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Current Trends in Biogenic Gas and Wastewater Fermentation
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Journal of Food & Industrial Microbiology

ISSN: 2572-4134

Open Access

Opinion - (2022) Volume 8, Issue 3

Current Trends in Biogenic Gas and Wastewater Fermentation

Suresh Babu*
*Correspondence: Suresh Babu, Department of Microbiology, RVR & JC College of Engineering, Guntur, Andhra Pradesh, India, Email:
Department of Microbiology, RVR & JC College of Engineering, Guntur, Andhra Pradesh, India

Date of Submission: 02-May-2022, Manuscript No. jfim-22-70377; Editor assigned: 04-May-2022, Pre QC No. P-70377; Reviewed: 18-May-2022, QC No. Q-70377; Revised: 23-May-2022, Manuscript No. R-70377; Published: 30-May-2022 , DOI: 10.37421/2572-4134.2022.8.242
Citation: Babu, Suresh. “Current Trends in Biogenic Gas and Wastewater Fermentation.” J Food Ind Microbiol 8 (2022): 242.
Copyright: © 2022 Babu S. This is an open-access article distributed under the terms of the Creative Commons Attribution License, which permits unrestricted use, distribution, and reproduction in any medium, provided the original author and source are credited.

Introduction

Traditional substrate (like carbohydrates) fermentation processes have happened spontaneously in the environment for generations. Examples include the formation of biogas and methane as a result of the biodegradation of organic materials. Humans have long benefited from the ability of microorganisms to generate specialised foods and beverages with enhanced preservation capabilities through fermentation, such as beer, wine, and sauerkraut. The research on valorizing biogenic gases, wastes, or wastewaters to bioconvert their fermentable substrates content into useful biofuels or bioproducts has just lately, since a few decades ago, as a result of increased concern about environmental issues [1]. This enables the creation of valuable items while also solving an environmental issue. In addition to the aforementioned pollutants, sustainable and renewable feedstocks, mostly biomass, have been seen as intriguing substrates for their bioconversion into biobased fuels and goods.

About the Study

Treatments of water and wastewater as well as its later valuation have been explored for many years. Wastewater is likely the source that has been the subject of the most research out of all the numerous types of the most frequent pollutants (such as water, solid waste, gas, and greenhouse gas emissions). Recent trends have shifted the focus away from developing and improving wastewater treatment systems and toward turning soluble pollutants into useful goods that have both environmental and financial benefits. Polluted water and wastewaters may be effectively treated to provide pure water that can be reused and enable the recovery of resources like nutrients or bioproducts. Making fatty acids and later turning them into biopolymers like polyhydroxyalkanoates and other potential metabolites is a recent technique in this sector [2].

In addition to water and solid waste, waste gases are the primary source of pollutants of concern. Because of their impact on climate change, greenhouse gases have gained significant attention in recent years. This primarily applies to CO2, as well as related gases like CO and H2. While syngas and other industrial gas emissions, such as those from the steel industry, frequently contain combinations of CO2, CO, and H2, the biological removal of carbon dioxide normally requires the presence of hydrogen. Through anaerobic fermentation using acetogenic bacteria, such gases can also be treated and valorized to yield carboxylic acids, ethanol, or higher alcohols, among other things [3,4].Waste and wastewater can both be created short- and medium-chain carboxylic acids, which can subsequently be transformed into biopolymers. On the other hand, through the carboxylate platform, lipids or microbial oils for the synthesis of biofuels (like biodiesel) can also be byproducts from gases like CO and CO2. Another option is to create biomethane by the biomethanation of CO or CO2, which is typically researched using mixed or co-cultures. Methane can be utilised as a biofuel even though it is a greenhouse gas, unlike carbon dioxide.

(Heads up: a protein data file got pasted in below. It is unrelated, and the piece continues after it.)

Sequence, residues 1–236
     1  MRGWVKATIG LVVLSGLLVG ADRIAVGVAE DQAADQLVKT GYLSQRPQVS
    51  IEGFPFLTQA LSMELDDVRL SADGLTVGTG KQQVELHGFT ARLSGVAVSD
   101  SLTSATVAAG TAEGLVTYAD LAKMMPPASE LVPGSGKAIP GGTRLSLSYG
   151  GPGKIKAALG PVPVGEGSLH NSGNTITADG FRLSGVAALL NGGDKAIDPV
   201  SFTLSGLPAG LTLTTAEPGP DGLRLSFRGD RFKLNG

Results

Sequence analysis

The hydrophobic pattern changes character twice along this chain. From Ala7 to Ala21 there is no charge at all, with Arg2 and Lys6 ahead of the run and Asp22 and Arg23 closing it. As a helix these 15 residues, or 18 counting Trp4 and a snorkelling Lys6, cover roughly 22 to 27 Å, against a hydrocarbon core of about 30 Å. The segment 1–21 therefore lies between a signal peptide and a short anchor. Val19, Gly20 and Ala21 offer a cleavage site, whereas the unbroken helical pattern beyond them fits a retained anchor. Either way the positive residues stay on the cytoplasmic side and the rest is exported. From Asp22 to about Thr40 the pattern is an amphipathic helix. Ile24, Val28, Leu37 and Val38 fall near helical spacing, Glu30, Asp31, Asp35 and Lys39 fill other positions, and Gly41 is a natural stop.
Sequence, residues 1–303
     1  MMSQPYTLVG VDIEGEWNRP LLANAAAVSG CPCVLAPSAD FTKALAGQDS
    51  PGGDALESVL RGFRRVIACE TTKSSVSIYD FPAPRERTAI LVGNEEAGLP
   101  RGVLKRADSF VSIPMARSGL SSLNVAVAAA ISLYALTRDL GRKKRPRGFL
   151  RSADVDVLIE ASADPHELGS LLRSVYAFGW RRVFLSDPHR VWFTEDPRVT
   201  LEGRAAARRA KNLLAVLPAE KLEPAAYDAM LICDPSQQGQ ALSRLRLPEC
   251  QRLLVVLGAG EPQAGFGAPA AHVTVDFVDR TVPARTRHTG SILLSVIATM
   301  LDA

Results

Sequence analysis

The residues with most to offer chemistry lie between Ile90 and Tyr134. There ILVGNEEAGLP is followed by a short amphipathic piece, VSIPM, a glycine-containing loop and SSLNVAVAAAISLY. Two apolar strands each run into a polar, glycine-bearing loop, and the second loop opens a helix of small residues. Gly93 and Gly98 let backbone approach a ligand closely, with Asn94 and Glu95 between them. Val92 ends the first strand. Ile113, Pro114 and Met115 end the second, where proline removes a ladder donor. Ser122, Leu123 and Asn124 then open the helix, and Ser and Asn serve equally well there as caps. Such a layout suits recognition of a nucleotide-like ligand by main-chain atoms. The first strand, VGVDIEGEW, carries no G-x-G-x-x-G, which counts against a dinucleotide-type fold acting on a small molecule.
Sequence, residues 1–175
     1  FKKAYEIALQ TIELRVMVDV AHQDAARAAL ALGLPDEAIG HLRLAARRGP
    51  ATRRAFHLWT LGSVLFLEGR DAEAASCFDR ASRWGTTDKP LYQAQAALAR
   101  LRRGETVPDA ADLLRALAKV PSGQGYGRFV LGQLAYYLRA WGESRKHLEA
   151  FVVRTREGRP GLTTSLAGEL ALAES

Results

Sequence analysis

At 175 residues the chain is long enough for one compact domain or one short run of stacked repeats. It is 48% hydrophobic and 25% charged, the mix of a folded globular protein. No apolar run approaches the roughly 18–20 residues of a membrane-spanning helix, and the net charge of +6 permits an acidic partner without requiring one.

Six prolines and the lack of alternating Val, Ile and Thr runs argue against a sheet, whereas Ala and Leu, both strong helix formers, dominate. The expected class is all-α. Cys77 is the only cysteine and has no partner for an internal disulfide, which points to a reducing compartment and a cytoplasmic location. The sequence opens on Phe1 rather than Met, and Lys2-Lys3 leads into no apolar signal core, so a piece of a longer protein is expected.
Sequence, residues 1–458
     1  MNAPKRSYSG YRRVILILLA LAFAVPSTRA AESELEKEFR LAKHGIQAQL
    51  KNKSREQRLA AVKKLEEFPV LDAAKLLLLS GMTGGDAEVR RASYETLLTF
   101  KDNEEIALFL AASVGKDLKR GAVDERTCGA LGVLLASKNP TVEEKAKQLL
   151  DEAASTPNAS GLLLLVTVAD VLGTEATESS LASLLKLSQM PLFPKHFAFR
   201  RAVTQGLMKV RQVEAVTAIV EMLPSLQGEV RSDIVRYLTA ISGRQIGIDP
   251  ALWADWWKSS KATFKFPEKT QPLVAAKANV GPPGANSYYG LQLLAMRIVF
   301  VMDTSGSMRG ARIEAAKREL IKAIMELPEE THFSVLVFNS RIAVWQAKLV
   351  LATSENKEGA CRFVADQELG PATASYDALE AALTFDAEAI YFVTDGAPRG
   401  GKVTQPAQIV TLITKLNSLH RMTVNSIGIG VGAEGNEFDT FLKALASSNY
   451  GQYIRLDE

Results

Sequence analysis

Other authors have also covered the aerobic bioconversion of greenhouse gases like CO2, in addition to their anaerobic fermentation. The facultative chemolithoautotroph species Cupriavidus necator is the organism that has received the most research in this instance [5]. It has mostly been investigated in relation to the manufacture of biopolymers, such as polyhydroxyalkanoates (PHA). Although it has recently been demonstrated that it can grow in mixotrophic environments using CO2 and volatile fatty acids as carbon sources, it typically requires the presence of hydrogen. In contrast to heterotrophic or mixotrophic growth circumstances, hydrogen was found to increase PHA synthesis under mixotrophic growth and in the presence of this extra energy source.

Conclusion

One of the key objectives for industrial-scale use in the field of waste valorization using fermentative routes is to establish a high level of quality control to ensure that the produced conversion products meet all requirements and product standards. In addition to the techno-economics of the process, it is important to take into account the product's compatibility with the existing infrastructure components, such as storage, transportation, and distribution, in order to adhere to the rules and regulations set forth by local authorities.

Conflicts of Interest

The authors declare no conflict of interest.

References

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